Sunday, July 28, 2013
(Analytical Series on understanding how to make the great workplace based on the Gallup Research)
What makes a great workplace?
Is it pay, benefits?
Is it too complex to understand?
Traditional beliefs held that we should manage the workplace from the standpoint that people will always dislike work, and when they are at work, they will always want to be somewhere else. For years, organizations have attempted to measure and understand employee opinions in an attempt to understand great workplaces. Much of the outcome has been discovering what a great workplace is NOT, versus what it IS. Companies have emerged from one consulting project after another with all the "don't do's" and "quick fixes" and have still struggled to observe much sustainable change.
A few years ago, The Gallup Organization decided to initiate a multi-year research project to try and define a great workplace. The first task was to define what "great" was. They decided that while a great workplace should be one where employees are satisfied with their jobs, it could not be considered "great" if it was not producing positive business outcomes. So they studied workplaces with an eye on four key outcome variables: employee retention, customer satisfaction, productivity and profitability. Based on this research, they have made a number of key discoveries.
Discovery #1: There are no great companies. There are only great workgroups.
Gallup has discovered that to truly understand the workplace, you must be closer than the 36,000 feet level. At this level, it is impossible to distinguish the best from the mediocre workgroups. Best practices of productive workplaces can only be observed at the workgroup level. It is easy to understand why companies have focused on mostly situational factors, like pay, parking, discount in the cafeteria, etc. It is easier to influence these factors from an overall company strategy. But these factors do not really make a difference to the best, most productive employees and workgroups. In all of the companies they have studied, there is tremendous range among workgroups. And great workplaces in different companies have a great deal in common.
Discovery # 2: There appear to be 12 dimensions that consistently describe great workgroups.
There appear to be 12 key dimensions of great workplaces. While the 12 dimensions certainly do not explain everything, they consistently correlate with those workgroups that have higher employee retention, higher customer satisfaction, higher productivity, and higher profits. The dimensions do not include pay and benefits. That does not mean that pay and benefits are not important. But it does mean that they do not differentiate great workgroups from the rest.
(Continued to next week...)
Sunday, July 21, 2013
Every person has different behaviour and habits and if we considered managers as personJ, then they have strange behaviour and habits. There are few managers who start their work after office hours. When you want to leave the office at sharp 5.30 pm, they will call you and will spoil your evening. Some walk faster than employees, some have habit of staring out of the window while talking to employee, some managers let you give answers, some hide information and there are lot more other variations. Here are these different types of managers explained that why they do stuff they are used to do in front of employees.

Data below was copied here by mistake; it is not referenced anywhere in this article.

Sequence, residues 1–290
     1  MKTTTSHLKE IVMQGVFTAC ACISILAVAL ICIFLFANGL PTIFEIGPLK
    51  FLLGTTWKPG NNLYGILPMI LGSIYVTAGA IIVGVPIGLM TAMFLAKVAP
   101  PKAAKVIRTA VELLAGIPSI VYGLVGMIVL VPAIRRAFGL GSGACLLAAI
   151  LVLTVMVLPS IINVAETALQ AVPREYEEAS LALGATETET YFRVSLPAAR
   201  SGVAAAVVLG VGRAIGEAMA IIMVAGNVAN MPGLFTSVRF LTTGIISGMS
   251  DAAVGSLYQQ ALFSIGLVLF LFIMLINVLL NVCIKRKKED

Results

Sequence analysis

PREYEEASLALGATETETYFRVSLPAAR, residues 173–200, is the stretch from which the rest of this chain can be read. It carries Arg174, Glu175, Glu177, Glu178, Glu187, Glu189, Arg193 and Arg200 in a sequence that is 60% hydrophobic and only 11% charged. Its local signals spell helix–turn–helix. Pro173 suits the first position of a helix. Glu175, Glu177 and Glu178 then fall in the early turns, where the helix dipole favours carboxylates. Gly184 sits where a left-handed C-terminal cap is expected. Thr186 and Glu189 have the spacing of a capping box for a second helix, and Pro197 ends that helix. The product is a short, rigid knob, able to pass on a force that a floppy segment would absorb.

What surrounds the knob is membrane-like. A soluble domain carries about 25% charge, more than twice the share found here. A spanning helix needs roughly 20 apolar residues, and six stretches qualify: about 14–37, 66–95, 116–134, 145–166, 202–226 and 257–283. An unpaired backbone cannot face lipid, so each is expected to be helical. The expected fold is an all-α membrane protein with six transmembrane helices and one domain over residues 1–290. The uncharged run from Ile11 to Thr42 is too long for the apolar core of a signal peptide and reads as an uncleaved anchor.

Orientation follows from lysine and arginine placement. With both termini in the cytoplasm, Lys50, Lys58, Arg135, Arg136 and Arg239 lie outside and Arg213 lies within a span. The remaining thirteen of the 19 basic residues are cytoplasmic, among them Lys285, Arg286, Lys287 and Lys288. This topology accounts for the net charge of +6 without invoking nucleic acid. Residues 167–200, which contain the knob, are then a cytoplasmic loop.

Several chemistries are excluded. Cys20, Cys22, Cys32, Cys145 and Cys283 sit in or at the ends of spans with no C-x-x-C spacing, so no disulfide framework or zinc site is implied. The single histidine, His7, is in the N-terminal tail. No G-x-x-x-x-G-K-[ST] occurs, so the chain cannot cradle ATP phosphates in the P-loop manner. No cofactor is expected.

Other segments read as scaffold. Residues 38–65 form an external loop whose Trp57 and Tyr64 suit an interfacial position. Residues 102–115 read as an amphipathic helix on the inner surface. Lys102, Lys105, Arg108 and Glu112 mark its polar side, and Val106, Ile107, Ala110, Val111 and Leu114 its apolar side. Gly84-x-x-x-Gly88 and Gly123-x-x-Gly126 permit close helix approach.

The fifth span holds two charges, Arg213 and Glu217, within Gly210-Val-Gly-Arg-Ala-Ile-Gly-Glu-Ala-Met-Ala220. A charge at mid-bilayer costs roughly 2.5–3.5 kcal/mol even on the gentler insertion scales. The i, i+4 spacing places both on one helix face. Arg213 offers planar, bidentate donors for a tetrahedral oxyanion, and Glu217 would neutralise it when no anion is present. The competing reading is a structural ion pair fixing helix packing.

Walking faster than employees: You will find these mangers in passages and corridors always walking fast than you. They are very busy and always ask you to run. “We’ll have to talk” you can hear them say, just as they have disappeared around the corner.
Staring out of the window: These managers you usually meet with their backside faced to you with their hands in their pockets. When you talk to them, their thoughts keep staring out of the windows.
Managing by post-it’s: Some managers forget everything. They want to impress you with their busyness by continuously writing on Post-it’s while you are talking.
Managing by delegation to the secretary: These managers just delegate everything to the secretary. If He/She is good, He/She knows what he must do.
Managing by knowing nothing: These managers don’t really know anything at all. They let YOU give answers. Meanwhile they fill the time with nice anecdotes of irrelevant cases.
Managing by conceptual thinking: These people try to explain the present from a theoretical view of the far future. The idea that this never will work, completely satisfies them: They will always have something to talk about.
Managing by hiding information: Information hiders are aware of the market value of strictly secretly kept information. You must be very thankful to get any information at all. Beware of stimulants from category 5!